It’s one thing to marvel at the beauty of galaxies unimaginably distant from us in both space and time, captured in still images. It’s another thing to contemplate the vastness of those objects and how extremely inhospitable the intervening void is to life, or at least our kind of life. Those thoughts can open the door to existential dread and even terror. Blasted Heath channel that, while also finding ways to get listeners’ heads pumping and hearts pounding.

In a nutshell, Vela really doesn’t sound like anything else out there. The references to early Bathory, Darkthrone, and Black Breath aren’t out of place, but it must be emphasized that Blasted Heath have processed their influences through wormholes, and what comes out the other side is exotically wild. The result is one of the most fierce, fearsome, and fascinating albums of the year. See for yourselves:



Now, as promised, here are vocalist/guitarist Kyle Shumaker‘s detailed comments about that final trio of tracks:

The last three songs are thematically linked.

The opening [of “Neutron Star”] is the sound of the radio signal emanating from the actual Vela pulsar. Pulsar is just another term for a Neutron Star. The lyrics describe the characteristics of a Neutron Star, the most dense object in the universe, with strange characteristics that make it one of the most extreme objects in the universe besides a black hole. This culminates in a “Killanova” which is what happens when a binary system with two neutron stars has a collision, creating one of the biggest possible space explosions followed by both bodies collapsing into a black hole.

“The Wind in Vela” is a reference to a pulsar wind nebula, which is what the Vela Pulsar is. It’s basically an instrumental, kind of inspired by the old Metallica albums which would include these epic instrumental songs like “The Call of Ktulu” or “Orion.” Except that we used samples from an old radio serial called “Lights Out” from the episode “The Meteor Man” to tie it in with the sci-fi themes. Another sample from the Meteor Man appears on “Ape.”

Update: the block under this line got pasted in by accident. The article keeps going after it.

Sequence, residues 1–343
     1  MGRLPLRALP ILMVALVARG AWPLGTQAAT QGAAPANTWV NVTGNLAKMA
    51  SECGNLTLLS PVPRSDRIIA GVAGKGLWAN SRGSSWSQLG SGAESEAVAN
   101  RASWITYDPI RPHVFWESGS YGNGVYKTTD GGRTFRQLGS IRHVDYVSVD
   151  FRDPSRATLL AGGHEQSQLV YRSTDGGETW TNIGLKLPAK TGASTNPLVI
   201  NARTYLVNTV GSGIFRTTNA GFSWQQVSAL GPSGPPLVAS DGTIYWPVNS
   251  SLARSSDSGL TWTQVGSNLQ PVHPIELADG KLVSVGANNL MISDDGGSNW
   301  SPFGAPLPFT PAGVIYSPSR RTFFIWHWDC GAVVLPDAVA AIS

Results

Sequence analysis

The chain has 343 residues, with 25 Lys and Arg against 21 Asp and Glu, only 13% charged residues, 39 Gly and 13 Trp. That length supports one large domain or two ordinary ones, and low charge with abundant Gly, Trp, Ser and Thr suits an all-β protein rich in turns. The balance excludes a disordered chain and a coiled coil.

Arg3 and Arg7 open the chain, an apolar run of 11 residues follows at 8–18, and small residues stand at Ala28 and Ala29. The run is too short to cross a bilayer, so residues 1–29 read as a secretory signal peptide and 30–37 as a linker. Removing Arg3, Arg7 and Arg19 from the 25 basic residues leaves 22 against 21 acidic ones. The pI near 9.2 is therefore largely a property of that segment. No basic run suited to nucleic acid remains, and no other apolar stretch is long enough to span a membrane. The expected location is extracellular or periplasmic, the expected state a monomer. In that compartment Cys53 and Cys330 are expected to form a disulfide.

“Strange Matter”: Strange or exotic matter is theorized to exist in the extreme conditions inside a Neutron Star, and can only be released in a Killanova explosion. It has been theorized that strange matter is matter in its most “perfect” state, and that any other matter it comes into contact with will also be transformed into “strange matter” in this way it is theorized that Strange Matter could destroy the entire universe! In this I sort of used Strange Matter as a metaphor for a virus being released, with some allusions to ethnic cleansing policies being an example of humanity destroying itself in pursuit of “perfection” that in practice results in pure destruction and death.”

Kyle Shumaker – Guitars/Vocals
Billy DeRocker – Guitars
Joe Clark – Bass
Conrad Cotterman – Drums

As described by Wise Blood and the band, Vela was “recorded at Kyle‘s fuckin basement, engineered by Billy DeRocker, run to reel-to-reel tape and partially mixed by Alex Kercheval at Postal Recording (Indianapolis), final mix by Billy DeRocker, mastered by Dan Swanö“. Conrad Cotterman created the cover art.

Wise Blood Records will release Vela on August 12th (this Friday!), in vinyl, CD, cassette tape, and digital formats.